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  34. Partha Ghose (1996). Relativistic Quantum Mechanics of Spin-0 and Spin-1 Bosons. Foundations of Physics 26 (11):1441-1455.
    It is shown that below the threshold of pair creation, a consistent quantum mechanical interpretation of relativistic spin-0 and spin-1 particles (both massive and mussless) ispossible based an the Hamiltonian-Schrödinger form of the firstorder Kemmer equation together with a first-class constraint. The crucial element is the identification of a conserved four-vector current associated with the equation of motion, whose time component is proportional to the energy density which is constrainedto be positive definite for allsolutions. Consequently, the antiparticles must be interpreted (...)
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  35. Hilary Greaves (2010). Towards a Geometrical Understanding of the CPT Theorem. British Journal for the Philosophy of Science 61 (1):27-50.
    The CPT theorem of quantum field theory states that any relativistic (Lorentz-invariant) quantum field theory must also be invariant under CPT, the composition of charge conjugation, parity reversal and time reversal. This paper sketches a puzzle that seems to arise when one puts the existence of this sort of theorem alongside a standard way of thinking about symmetries, according to which spacetime symmetries (at any rate) are associated with features of the spacetime structure. The puzzle is, roughly, that the existence (...)
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  36. Hilary Greaves (2010). Towards a Geometrical Understanding of the Cpt Theorem. British Journal for the Philosophy of Science 61 (1):27-50.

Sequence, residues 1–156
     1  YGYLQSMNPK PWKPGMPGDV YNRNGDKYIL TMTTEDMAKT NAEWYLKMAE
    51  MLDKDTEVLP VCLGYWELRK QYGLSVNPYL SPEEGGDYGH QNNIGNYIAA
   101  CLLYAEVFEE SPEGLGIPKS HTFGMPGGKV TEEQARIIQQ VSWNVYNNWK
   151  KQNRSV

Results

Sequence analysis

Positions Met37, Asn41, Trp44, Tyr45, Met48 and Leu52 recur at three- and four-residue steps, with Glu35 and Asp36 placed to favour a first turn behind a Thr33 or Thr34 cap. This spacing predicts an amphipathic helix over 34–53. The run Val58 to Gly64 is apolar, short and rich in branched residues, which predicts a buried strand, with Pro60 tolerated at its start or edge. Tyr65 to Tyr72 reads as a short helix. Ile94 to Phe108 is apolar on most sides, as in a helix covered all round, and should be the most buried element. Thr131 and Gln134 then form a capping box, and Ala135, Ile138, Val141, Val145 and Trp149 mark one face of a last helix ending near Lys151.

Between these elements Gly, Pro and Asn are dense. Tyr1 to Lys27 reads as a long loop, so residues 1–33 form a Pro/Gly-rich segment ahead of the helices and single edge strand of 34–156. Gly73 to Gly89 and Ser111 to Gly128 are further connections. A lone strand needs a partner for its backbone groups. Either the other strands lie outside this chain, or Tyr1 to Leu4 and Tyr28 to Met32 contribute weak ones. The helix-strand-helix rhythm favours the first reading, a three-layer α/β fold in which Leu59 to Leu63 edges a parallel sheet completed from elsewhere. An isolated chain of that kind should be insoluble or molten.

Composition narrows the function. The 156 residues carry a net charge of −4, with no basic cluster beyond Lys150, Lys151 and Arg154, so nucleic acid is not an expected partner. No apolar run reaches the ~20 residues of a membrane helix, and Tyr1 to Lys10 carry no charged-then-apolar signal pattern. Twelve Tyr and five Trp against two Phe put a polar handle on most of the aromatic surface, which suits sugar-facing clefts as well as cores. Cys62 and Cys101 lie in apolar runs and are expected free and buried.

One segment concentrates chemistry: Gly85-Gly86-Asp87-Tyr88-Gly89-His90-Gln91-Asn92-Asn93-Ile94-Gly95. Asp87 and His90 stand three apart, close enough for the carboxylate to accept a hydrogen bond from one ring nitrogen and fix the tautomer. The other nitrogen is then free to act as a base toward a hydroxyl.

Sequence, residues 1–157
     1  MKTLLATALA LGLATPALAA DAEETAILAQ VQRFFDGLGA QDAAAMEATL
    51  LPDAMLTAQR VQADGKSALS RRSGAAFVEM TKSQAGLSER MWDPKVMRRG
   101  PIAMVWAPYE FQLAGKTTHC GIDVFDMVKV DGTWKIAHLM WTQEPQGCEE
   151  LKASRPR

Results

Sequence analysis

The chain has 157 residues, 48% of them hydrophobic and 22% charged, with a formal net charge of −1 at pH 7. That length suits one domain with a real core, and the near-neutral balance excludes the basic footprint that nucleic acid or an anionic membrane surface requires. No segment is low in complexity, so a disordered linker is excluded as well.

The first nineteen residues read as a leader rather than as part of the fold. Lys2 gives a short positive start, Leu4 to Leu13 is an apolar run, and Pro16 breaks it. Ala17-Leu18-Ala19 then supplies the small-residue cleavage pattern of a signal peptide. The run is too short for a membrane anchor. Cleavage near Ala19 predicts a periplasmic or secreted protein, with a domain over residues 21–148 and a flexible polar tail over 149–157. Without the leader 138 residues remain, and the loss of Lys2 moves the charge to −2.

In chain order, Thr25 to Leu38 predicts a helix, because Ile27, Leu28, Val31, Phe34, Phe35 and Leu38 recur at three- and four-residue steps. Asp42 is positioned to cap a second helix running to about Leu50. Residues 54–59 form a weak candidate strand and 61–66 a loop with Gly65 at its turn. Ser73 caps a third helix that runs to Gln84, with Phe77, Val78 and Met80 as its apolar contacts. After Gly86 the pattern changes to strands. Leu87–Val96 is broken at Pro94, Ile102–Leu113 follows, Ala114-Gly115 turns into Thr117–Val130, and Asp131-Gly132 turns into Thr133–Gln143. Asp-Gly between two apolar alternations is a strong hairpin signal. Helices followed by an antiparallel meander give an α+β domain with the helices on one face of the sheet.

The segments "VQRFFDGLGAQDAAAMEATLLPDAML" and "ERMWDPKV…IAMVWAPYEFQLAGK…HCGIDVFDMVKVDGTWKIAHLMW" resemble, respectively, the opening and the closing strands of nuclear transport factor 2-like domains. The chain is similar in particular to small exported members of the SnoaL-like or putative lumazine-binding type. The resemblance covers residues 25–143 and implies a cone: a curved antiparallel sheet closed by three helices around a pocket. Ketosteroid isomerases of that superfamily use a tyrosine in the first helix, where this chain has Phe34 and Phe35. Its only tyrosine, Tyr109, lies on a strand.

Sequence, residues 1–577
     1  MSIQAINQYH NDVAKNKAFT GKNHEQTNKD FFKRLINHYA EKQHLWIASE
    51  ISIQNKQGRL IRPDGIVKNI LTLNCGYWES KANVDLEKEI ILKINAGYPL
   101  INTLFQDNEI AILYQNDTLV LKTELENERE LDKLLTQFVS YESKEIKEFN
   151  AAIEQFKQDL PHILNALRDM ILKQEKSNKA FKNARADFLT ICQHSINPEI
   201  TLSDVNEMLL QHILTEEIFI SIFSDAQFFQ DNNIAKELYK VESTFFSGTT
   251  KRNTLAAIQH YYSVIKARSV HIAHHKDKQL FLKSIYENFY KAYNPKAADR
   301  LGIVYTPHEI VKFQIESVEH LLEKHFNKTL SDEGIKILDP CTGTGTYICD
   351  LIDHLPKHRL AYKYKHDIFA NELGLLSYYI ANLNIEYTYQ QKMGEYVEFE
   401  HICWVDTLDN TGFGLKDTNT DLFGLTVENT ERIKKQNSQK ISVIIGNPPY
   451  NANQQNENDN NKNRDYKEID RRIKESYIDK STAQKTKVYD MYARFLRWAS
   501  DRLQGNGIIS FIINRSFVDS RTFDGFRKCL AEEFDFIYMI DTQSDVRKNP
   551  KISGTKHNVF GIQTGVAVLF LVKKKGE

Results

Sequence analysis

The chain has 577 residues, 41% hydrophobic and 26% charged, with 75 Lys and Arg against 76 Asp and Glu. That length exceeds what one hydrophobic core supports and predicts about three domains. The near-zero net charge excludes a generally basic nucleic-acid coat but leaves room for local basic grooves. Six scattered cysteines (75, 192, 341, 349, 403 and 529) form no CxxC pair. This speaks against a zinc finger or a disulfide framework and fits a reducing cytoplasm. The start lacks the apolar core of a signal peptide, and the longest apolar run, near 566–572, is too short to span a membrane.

The CPT theorem of quantum field theory states that any relativistic (Lorentz-invariant) quantum field theory must also be invariant under CPT, the composition of charge conjugation, parity reversal and time reversal. This paper sketches a puzzle that seems to arise when one puts the existence of this sort of theorem alongside a standard way of thinking about symmetries, according to which spacetime symmetries (at any rate) are associated with features of the spacetime structure. The puzzle is, roughly, that the existence (...)
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  37. Stanley Gudder (1997). Perspectives on Quantum Reality: Non-Relativistic, Relativistic, and Field Theoretic. [REVIEW] Foundations of Physics 27 (4):605-606.
  38. Hans Halvorson (2001). Locality, Localization, and the Particle Concept: Topics in the Foundations of Quantum Field Theory. Dissertation, University of Pittsburgh
    This dissertation reconsiders some traditional issues in the foundations of quantum mechanics in the context of relativistic quantum field theory (RQFT); and it considers some novel foundational issues that arise first in the context of RQFT. The first part of the dissertation considers quantum nonlocality in RQFT. Here I show that the generic state of RQFT displays Bell correlations relative to measurements performed in any pair of spacelike separated regions, no matter how distant. I also show that local systems in (...)
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  39. Hans Halvorson (2001). Reeh-Schlieder Defeats Newton-Wigner: On Alternative Localization Schemes in Relativistic Quantum Field Theory. Philosophy of Science 68 (1):111-133.
    Many of the "counterintuitive" features of relativistic quantum field theory have their formal root in the Reeh-Schlieder theorem, which in particular entails that local operations applied to the vacuum state can produce any state of the entire field. It is of great interest then that I.E. Segal and, more recently, G. Fleming (in a paper entitled "Reeh-Schlieder meets Newton-Wigner") have proposed an alternative "Newton-Wigner" localization scheme that avoids the Reeh-Schlieder theorem. In this paper, I reconstruct the Newton-Wigner localization scheme and (...)